[ISN] 'No Execute' Flag Waves Off Buffer Attacks

InfoSec News isn at c4i.org
Mon Feb 28 05:37:10 EST 2005


By John Breeden II
Special to The Washington Post
February 27, 2005

Pour a 12-ounce can of soda into an eight-ounce glass, and you've got
spilled soda and a sticky mess. Hackers know this principle, too. But
when they apply it in crafting viruses and worms, the mess is a lot
harder to clean up -- and, until recently, to prevent.

These exceedingly common "buffer overflow" exploits are one of the
most common ways computers get infected by viruses and worms, from the
"Great Internet Worm" of 1988 to 2003's Blaster.

They attack programs written in the widely-used C and C++ programming
languages. A malicious application will try to bowl them over with a
too-large chunk of data that hides some executable code. Once that
overflow crashes the target program, the embedded code can run and
perform whatever mischief it's assigned -- deleting your data or
turning your PC into a "zombie" that infects other machines or relays

In other words, instead of plain old soda, you spilled Evil Cola that
isn't content to stain the table but will try to hijack it.

If programmers wrote perfect software that could never be crashed by
an overload of data, buffer overflow attacks would be a thing of the
past. Various defensive techniques can also squelch overflow attacks,
and other programming languages, such as Java, don't permit them at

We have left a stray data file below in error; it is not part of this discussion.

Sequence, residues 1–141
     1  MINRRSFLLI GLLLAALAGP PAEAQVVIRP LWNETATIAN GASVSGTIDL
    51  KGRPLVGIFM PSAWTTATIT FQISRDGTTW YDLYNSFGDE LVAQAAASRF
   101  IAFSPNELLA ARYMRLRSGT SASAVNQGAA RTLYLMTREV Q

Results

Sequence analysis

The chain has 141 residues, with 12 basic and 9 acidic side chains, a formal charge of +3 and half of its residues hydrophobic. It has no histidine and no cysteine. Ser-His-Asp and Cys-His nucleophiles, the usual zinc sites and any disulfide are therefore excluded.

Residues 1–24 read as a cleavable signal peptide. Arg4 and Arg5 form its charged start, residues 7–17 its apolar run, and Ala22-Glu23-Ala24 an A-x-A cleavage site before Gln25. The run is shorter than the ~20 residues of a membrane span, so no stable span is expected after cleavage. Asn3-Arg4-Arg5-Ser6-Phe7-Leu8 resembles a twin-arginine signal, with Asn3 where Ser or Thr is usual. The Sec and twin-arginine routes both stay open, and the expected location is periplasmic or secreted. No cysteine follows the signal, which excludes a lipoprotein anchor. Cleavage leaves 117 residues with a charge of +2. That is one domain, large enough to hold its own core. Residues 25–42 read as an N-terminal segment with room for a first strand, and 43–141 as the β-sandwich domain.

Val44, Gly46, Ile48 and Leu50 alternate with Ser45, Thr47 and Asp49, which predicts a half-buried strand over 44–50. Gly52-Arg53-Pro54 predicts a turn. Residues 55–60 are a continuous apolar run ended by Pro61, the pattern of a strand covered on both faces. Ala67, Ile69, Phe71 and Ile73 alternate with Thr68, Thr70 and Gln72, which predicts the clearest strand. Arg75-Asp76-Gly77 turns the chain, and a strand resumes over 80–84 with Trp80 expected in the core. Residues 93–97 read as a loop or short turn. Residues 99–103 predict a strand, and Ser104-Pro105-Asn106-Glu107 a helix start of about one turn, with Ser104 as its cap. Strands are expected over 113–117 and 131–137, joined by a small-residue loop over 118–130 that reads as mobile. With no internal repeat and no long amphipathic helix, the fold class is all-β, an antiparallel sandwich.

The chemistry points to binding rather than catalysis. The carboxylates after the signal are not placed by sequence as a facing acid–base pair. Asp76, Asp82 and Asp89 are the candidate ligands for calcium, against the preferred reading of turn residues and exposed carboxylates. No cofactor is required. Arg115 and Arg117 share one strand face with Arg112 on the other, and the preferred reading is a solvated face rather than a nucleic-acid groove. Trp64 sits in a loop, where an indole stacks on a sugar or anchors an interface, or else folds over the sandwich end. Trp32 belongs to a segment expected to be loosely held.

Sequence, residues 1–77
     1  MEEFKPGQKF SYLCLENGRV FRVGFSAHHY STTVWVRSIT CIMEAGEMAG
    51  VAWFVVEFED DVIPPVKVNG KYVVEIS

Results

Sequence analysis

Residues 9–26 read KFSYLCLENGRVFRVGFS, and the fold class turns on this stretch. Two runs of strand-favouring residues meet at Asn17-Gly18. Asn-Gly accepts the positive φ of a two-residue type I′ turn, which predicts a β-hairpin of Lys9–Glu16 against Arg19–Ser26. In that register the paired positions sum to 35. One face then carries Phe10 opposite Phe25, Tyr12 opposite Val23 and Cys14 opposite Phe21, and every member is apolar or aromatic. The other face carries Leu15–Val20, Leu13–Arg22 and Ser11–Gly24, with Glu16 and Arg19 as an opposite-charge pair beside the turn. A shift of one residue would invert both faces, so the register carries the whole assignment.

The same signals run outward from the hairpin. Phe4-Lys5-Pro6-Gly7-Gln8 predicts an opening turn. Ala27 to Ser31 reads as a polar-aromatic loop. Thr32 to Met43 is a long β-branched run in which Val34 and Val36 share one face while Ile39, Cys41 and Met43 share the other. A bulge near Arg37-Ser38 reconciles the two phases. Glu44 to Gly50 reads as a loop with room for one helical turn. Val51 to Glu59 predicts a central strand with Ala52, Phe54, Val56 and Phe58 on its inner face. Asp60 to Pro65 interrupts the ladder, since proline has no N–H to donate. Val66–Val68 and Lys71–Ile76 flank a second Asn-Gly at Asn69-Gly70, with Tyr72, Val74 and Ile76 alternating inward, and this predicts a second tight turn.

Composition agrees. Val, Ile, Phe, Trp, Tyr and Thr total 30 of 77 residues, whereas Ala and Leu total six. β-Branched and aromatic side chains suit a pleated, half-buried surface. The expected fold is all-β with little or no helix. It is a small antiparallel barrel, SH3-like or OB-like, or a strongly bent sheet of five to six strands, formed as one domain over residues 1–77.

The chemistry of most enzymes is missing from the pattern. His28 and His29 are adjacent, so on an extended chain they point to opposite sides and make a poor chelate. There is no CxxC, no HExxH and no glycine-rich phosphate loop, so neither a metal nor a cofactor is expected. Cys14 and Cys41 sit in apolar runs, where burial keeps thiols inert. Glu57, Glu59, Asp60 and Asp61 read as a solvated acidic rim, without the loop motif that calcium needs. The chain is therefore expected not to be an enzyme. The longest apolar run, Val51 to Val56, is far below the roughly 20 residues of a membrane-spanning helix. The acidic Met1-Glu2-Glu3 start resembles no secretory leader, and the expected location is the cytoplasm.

all (at the cost of slower performance). But rewriting or replacing
every program in existence just isn't going to happen anytime soon.

With last year's Service Pack 2 update to Windows XP, however, there
is a new defense. In that update, Microsoft built in special code
called the "no execute" (NX) flag that, when run on compatible
processors, blocks code from running in the memory areas targeted by
overflow attacks.

Finding those compatible processors may not be easy. AMD offers NX
support (which it calls "Enhanced Virus Protection") on all its Athlon
64 chips.

But at Intel -- which trailed AMD in adding this technology to its
consumer hardware -- the selection is much more random. Intel
spokeswoman Claudine Mangano said the following processors offer NX
support, which Intel calls "Execute Disable Bit Functionality": 520J,
530J, 540J, 550J, 560J, 570J, 630, 640, 650, 660 and "Extreme Edition"  
Pentium 4 desktop processors, plus the 730, 740, 750, 753, 758, 760
and 770 Pentium M laptop processors.

Pair up the right processor with an SP2 edition of Windows XP
(Microsoft's Windows Server 2003 with Service Pack 1, Red Hat
Enterprise Linux 3 Update 3 and SuSE Linux 9.2 also offer NX), and
your system should run just as it did before in daily use. We have yet
to see any programs break on an NX-enabled machine.

To test this feature in action, we ran a simple buffer-overflow test
that, on a computer without SP2, flashed a message on the screen to
signal a successful takeover.

We ran the same test on a desktop with an AMD Athlon 64 processor and
a laptop with a new Intel Pentium M chip, and the attack program got
nowhere. This defense wasn't without its cost: Each time, the computer
crashed as the attacking program tried to batter its way into the
NX-protected neighborhood.

A single buffer overflow should be blocked without incident by NX, but
this barrage was too much. A system crash, however, still beats losing
control of the computer.

NX cannot defeat all attacks. Participants on hacker newsgroups are
already mulling over ways to circumvent this barrier, and NX can't
stop tactics that don't employ buffer overflows.

NX is worth incorporating into your security plan -- either when you
buy your next Windows computer, or by (finally) installing SP2 on your
NX-ready machine -- but you'll still need to back it up with an
up-to-date antivirus program, a firewall and one or more anti-spyware

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